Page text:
Brian Medavoy

How Manager Brian Medavoy Keeps his Sanity in Hollywood

After escaping into the wilds of Montana post a Betty Ford Center stint, Brian Medavoy risked returning to Hollywood once he had found a new way of living.

I grew up in Hollywood – the industry, not the place. Despite the assumptions you may be making right now, it wasn’t as rosy as you might think. Like anybody else, my life experiences are a true series of peaks and valleys.

I was fortunate enough to have a lot of success as a talent manager and producer early in my career, but I didn’t handle it well; nearly destroying myself in a long series of bad decisions. But through that, I’ve learned that in rising to your peaks, you can’t lose your spirit of humility and generosity. No matter who you are, or what you do, that’s a lesson we all have to learn.

The Mike Medavoy Family
[Brian’s father, Mike, gets a star on the Hollywood Walk of Fame]
It’s crucial to have a purpose in life to keep you going. The best way to avoid another valley is by teaching others to not make the mistakes you’ve made. I can’t say for sure if that lesson has made me better professionally, but it certainly has on a personal level.

When I reflect on these peaks and valleys, I always go back to my childhood. I lived with my mom until I was 10 before moving in with my dad, who was then producing One Flew Over the Cuckoos Nest, Annie Hall and Rocky.

Growing up, I was surrounded by the rich and powerful from in and out of Hollywood–people like Robert Redford, Lee Iacocca and the governor of Hong Kong, just to name a few. But I also lived through a number of my parents’ marriages and attended a ton of schools before I was 18. It was an incredibly frenetic childhood, with stability was practically non existent.  It was just my deck – no blame on the folks.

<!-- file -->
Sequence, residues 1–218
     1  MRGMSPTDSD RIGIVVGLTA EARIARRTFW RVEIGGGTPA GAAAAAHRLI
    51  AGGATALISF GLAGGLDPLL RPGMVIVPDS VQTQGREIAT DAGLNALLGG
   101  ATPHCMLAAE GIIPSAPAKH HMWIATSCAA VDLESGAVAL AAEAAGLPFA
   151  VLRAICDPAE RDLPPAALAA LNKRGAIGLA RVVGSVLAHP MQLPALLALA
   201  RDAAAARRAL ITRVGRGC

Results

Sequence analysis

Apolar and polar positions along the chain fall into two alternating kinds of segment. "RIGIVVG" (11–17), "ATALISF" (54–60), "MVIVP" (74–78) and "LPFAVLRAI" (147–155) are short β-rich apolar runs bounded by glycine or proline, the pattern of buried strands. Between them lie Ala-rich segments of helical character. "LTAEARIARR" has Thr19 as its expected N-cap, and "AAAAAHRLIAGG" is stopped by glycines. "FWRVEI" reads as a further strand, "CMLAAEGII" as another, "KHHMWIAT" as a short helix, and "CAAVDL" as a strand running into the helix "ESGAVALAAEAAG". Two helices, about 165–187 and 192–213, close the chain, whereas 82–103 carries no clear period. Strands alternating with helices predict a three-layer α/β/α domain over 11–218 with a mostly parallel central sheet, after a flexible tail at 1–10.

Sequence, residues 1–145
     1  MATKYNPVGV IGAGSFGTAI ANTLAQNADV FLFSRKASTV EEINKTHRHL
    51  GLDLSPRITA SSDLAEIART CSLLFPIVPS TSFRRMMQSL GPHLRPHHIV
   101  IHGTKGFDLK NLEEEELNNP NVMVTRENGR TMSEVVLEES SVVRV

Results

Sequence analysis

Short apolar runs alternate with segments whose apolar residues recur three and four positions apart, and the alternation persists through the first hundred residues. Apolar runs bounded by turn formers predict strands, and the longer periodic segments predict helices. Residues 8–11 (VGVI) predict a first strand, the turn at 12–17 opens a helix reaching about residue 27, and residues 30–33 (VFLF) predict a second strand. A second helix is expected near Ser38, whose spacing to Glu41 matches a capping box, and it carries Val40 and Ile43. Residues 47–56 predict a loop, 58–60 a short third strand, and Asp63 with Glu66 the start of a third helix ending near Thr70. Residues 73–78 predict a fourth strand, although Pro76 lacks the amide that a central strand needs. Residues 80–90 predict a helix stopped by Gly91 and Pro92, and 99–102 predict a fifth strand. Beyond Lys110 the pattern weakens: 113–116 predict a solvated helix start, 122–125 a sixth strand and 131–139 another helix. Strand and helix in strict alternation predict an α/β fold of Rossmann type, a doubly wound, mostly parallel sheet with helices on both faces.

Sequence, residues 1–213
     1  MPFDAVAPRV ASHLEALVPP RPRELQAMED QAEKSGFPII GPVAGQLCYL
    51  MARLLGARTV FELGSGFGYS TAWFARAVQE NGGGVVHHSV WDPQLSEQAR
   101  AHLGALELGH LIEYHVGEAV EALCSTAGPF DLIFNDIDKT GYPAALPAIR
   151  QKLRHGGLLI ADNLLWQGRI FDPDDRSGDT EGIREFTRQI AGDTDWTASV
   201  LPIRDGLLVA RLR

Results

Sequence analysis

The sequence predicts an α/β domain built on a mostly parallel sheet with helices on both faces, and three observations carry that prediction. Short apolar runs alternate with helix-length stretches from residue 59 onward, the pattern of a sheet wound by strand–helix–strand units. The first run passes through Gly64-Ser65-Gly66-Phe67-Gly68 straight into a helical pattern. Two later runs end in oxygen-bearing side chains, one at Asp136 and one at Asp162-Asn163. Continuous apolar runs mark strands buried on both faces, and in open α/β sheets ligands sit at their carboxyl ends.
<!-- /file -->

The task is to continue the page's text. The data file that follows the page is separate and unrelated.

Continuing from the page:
I was a pretty intuitive kid, as most only children are, and I remember feeling just lost and in pain so much of the time. At school, I’d focus on all the negativity around me rather than finding the positive. Maybe that’s one of the reasons why after I graduated from college, I decided to be an agent: I loved the way actors and live entertainers could make people feel good, especially in tough times.

But even though I grew up with the last name “Medavoy,” I knew my father wasn’t simply going to make it happen for me. Since the day I graduated, he has never given me a penny or a client. He wanted me to make my own way, and so I did.

I started in the mailroom of the mega agencies CAA and ICM. Working my way up without his help made me a better person, a stronger worker and better equipped to succeed.  I quickly moved up the ranks to become the assistant to famed talent agent, Ed Limato.

From there, I went to work at Intertalent, who fired me because I shared some confidential information with my father. Afterward, nobody would hire me but a guy named Erwin More at the Larry Thompson agency.

Before I knew it, at the age of 23, I was opening my own management company with Erwin. That’s where I found my calling – helping unknowns find theirs.

[Medavoy helped then-unknown, Craig Sheffer, land his breakout part in ‘A River Runs Through It’]
We crafted the early careers of actors such as Ryan Reynolds, Tobey Maguire, Josh Brolin, David Schwimmer, Jason Bateman, and Maria Bello, among others. And we represented the likes of Bon Jovi, Mariah Carey, Cicely Tyson, Morris Chestnut, Jenna Elfman, Jimmy Fallon, Lucy Lawless, Howie Long, Marlee Matlin, Jenny McCarthy, Patrick Swayzee, and the list goes on.

We really enjoyed helping our clients grow and spread their wings.  In 1994, we made the move to producing projects for our clients, beginning with the television series Sweet Justice starring Cicely Tyson and Melissa Gilbert.

Over the next few years, I produced nine pilots including The Single Guy starring Jonathan Silverman, for NBC and Getting Personal with Duane Martin for Fox.

We also developed the hit ABC comedy Dharma and Greg starring Jenna Elfman. This led to us signing an exclusive producing deal with 20th Century Television where we later produced Just Shoot Me, which aired for seven seasons on NBC.

I was riding a wave of career success, but my personal life was slowly but surely spiraling out of control.

From alcohol to drugs to relationships I pretty much took a wrecking ball to my life. Nobody could touch me, and nobody could love me.